Remote monitoring has come a long way over the past couple decades. Years ago, sensors on motors were connected to a wired network. The sensor read the temperature of the motor and reported back if it was overheating, hopefully before the motor failed. The network was safe, since it wasn't connected to the enterprise system and young engineers were not plugging USB sticks full of music into the network's computers. What a difference a couple decades makes.
The network is now connected to the enterprise system. The sensors read far more than the temperature, and they're connected to nearly everything in the plant, even assets away from the plant. They count, they measure, they record vibration and sound. They're connected wirelessly to the Internet and carry data into the cloud where it's processed for ultimate optimization. The engineer reviewing the data may be worlds away from the plant. And the young engineer with the USB stick wouldn't dare plug it into a plant computer.
Remote monitoring now looks beyond the individual motor or conveyor and instead views the process from end to end. "We look at the overall connected enterprise. It's about connecting machines on the plant floor to the overall enterprise," Reid Schook, global OEM segment lead for Rockwell Automation told Design News. "Remote monitoring looks at the machine itself, usually a smart machine that is enabled to access information."
Securing the Internet of Things. Today's IoT devices are under increasing attack. Device manufacturers and embedded software designers must be vigilant if they are to provide a secure system for applications to do their work. Learn more about securing IoT devices and applications in the Connected Devices track at ESC Silicon Valley. December 6-8, 2016 in San Jose. Register here for the event, hosted by Design News’ parent company UBM.
With some automation operations, the network extends beyond the four walls of a plant. With oil and gas or power plants, the assets can be spread across a wide range of territory. That's all connected now, too. "Sometimes remote monitoring is within the plant, and sometimes it's out in the field," said Schook.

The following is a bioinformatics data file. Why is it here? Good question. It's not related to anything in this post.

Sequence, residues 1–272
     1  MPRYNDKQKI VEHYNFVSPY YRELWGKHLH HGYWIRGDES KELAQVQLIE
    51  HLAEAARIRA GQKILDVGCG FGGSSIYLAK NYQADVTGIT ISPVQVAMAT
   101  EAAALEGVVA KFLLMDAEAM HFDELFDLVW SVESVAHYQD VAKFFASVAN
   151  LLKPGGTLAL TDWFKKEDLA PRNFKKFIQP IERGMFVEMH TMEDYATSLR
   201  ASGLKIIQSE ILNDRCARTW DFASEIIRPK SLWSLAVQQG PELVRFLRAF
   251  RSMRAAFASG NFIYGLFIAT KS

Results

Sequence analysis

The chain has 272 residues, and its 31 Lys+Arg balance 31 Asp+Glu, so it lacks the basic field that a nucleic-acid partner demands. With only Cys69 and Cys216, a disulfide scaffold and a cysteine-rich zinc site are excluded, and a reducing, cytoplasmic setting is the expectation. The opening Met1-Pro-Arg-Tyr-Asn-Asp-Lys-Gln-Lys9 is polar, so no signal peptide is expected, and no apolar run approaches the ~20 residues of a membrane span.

Vendors Can Monitor, Even Run, the Equipment
Machine builders are now creating sophisticated equipment that can be adjusted electronically from afar. The machines can gather a wide range of critical production data. Some builders offer monitoring services so the plant staff itself doesn't need to gather and analyze machine data. "Machine builders are offering secure remote-monitoring services to view their equipment's performance and collect valuable analytics," said Schook. "The flexible, scalable solution collects, organizes, and normalizes real-time data across production assets, providing data-driven insights across a broad range of devices."
Baby Boomer engineers are retiring and taking their decades-long experience out the door; they're being replaced by less experienced staff. "The staff at the plant is not what it used to be. That's a human resource challenge," said Schook. Vendors are stepping up to offer machine monitoring remotely. Sometimes that service goes further as vendors actually take responsibility for the equipment's functioning. "We can take action on the data coming off the machines," said Schook.
Vendor-Designed Security and Analysis
With remote monitoring comes the responsibility to provide a secure network. "We offer the secure connection to the machine, and we also offer the secure connection in the cloud," said Schook. "We're taking the data we get from the machines down the path of doing analytics to provide more intelligent information."
Rob Spiegel has covered automation and control for 15 years, 12 of them for Design News. Other topics he has covered include supply chain technology, alternative energy, and cyber security. For 10 years he was owner and publisher of the food magazine Chile Pepper.